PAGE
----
This answer is specifically about guitars because I have guitar building and repair experience.
The strings and the truss rod are under tension so the neck itself is mainly under compression. There is some tension on the back side of the neck due to neck relief (forward bow of neck) but not much. Necks are made from wood from the trunk, a material 'built' to handle the compressive stress from the weight of the tree.
The safety factor (failure load/service load)of guitar necks are very large.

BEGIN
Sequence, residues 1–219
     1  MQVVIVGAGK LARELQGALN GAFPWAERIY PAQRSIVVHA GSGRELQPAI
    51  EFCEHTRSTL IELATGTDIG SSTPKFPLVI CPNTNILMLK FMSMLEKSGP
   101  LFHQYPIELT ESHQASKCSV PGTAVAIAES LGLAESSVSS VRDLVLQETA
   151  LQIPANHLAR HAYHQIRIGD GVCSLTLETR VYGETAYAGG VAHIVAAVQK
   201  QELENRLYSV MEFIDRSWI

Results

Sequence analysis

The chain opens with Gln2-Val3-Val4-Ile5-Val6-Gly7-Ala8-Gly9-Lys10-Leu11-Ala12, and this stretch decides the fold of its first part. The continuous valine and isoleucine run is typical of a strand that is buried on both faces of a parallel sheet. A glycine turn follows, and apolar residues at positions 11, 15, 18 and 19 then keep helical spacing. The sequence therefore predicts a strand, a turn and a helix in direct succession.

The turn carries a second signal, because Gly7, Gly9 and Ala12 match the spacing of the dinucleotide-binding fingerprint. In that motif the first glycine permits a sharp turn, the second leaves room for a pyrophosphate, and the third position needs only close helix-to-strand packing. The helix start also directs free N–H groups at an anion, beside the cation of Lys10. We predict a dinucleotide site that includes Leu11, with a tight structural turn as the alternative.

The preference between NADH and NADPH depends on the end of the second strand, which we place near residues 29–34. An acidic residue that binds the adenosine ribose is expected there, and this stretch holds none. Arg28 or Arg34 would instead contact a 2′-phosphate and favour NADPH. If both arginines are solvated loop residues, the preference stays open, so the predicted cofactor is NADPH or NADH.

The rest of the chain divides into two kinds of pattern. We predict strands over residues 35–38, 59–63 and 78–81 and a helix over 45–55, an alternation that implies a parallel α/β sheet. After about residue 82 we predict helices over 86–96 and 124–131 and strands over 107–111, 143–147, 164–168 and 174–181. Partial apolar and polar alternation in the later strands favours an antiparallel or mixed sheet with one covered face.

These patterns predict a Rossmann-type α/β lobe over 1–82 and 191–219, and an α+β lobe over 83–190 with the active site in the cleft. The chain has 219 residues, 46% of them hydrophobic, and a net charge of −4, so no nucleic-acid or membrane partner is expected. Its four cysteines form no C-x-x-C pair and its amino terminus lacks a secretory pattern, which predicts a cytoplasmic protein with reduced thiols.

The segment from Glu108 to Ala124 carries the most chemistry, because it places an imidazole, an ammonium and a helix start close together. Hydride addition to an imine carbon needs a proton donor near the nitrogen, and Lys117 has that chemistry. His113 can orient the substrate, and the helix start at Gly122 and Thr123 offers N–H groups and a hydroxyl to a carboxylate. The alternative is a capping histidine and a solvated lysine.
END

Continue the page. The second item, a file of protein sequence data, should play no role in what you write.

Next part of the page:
A very basic calc. to demonstrate this:
Compressive yield strength parallel to grain for the most common guitar neck wood (maple) = 21.5 M Pa
Approximate Cross sectional area = 0.0007 m ^2
F = PA = (21.5 M Pa) * (0.0007 m^2) = 15 Kilo Newtons.
SF = (failure load/service load) = (15 kN)/(800 N) = 18.75
Basically, guitar necks are super strong and only fail due to impact (see Gibsons broken headstock syndrome) or warp due to poorly seasoned wood or extreme humidity or temp. changes.